There’s an uninhabited island to the north of Santa Cruz in the Galapagos Islands that is named Isla Guy Fawkes. No one’s really sure why.
After the gunpowder plot, guy became a widely-used term for an ‘ugly or repulsive person’.
Although there was enough gunpowder to cause considerable damage, it’s thought that the gunpowder has actually deteriorated so much that had it been lit, it would not have exploded.
The first meeting of the main conspirators took place in the Duck and Drake pub on The Strand, London.
There were only ever two confessions printed in full: one was Guy Fawkes’ and the other belonged to Thomas Wintour. Both can be seen at Hatfield House in Hertfordshire.
Guy Fawkes managed to outwit his executioner and avoid the gruesome execution that was to follow. Significantly weakened from torture, he had to be helped onto the scaffold. Once there, he jumped, breaking his neck in the fall.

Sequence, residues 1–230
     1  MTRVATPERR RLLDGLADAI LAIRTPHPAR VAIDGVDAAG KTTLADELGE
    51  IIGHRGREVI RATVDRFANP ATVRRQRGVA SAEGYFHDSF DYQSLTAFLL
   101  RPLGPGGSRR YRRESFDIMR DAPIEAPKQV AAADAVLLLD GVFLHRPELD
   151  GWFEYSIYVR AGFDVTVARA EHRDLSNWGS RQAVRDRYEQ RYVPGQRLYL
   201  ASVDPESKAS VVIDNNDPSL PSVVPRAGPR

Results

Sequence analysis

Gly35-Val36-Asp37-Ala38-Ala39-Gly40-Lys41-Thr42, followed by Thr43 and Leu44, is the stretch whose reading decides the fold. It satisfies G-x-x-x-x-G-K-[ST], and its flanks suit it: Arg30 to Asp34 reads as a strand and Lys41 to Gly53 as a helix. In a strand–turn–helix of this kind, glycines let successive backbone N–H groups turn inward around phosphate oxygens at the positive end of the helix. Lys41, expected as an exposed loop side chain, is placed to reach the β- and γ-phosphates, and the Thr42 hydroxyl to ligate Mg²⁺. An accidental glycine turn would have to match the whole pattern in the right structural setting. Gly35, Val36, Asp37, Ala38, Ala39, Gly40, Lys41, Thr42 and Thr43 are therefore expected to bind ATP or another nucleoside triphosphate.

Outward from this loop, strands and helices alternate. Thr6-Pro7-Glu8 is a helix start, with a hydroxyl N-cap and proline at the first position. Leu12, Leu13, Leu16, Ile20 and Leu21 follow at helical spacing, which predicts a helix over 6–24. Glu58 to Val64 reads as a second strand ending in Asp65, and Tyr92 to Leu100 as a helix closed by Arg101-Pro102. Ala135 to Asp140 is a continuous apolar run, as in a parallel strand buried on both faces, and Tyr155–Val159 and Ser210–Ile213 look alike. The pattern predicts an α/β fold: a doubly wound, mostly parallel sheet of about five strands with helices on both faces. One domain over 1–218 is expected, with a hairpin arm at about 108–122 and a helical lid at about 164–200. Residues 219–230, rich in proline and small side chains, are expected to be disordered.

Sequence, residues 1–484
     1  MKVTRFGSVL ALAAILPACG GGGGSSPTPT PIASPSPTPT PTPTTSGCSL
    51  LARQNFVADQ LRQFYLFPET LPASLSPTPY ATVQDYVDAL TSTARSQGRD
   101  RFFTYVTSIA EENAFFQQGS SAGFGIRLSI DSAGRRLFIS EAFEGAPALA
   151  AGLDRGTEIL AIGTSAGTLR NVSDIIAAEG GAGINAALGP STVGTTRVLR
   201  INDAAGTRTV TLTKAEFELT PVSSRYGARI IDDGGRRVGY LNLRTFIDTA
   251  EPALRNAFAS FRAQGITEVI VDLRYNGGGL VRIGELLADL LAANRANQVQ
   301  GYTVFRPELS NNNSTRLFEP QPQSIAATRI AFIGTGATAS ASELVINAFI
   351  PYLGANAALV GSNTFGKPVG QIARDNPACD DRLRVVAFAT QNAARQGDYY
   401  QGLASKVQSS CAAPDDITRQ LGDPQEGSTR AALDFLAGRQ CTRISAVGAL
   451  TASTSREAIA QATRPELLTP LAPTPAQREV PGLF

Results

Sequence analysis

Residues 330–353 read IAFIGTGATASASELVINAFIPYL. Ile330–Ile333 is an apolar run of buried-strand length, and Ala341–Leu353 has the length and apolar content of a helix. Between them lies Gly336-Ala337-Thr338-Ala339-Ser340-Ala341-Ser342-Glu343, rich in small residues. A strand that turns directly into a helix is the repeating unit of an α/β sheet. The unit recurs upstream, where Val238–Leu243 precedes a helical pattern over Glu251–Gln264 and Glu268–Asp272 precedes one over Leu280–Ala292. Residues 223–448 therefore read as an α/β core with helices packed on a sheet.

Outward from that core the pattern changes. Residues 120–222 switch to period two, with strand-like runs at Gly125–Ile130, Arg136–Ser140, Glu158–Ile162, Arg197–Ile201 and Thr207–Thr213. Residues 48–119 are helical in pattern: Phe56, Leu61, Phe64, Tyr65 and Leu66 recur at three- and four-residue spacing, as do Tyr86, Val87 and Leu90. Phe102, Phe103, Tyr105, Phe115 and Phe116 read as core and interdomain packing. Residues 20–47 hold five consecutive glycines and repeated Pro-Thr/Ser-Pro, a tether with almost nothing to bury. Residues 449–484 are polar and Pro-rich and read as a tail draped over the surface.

Settlers exported Guy Fawkes Night to North America, Australia and New Zealand, where it was known as Pope Day, although the tradition has all but died out now.
The cellar where the conspirators kept the dynamite was destroyed by fire in 1834, although the lantern Guy Fawkes carried in 1605 is now in the Ashmolean Museum, Oxford.
The Houses of Parliament are still searched by the Yeomen of the Guard just before the State Opening to ensure no latter-day Fawkes is concealed in the cellars.
Although popularised by Guy Fawkes night, fireworks were first recorded in England at the wedding of King Henry VII in 1486. Originally only orange and white, new colours were achieved in the Middle Ages by adding different salts.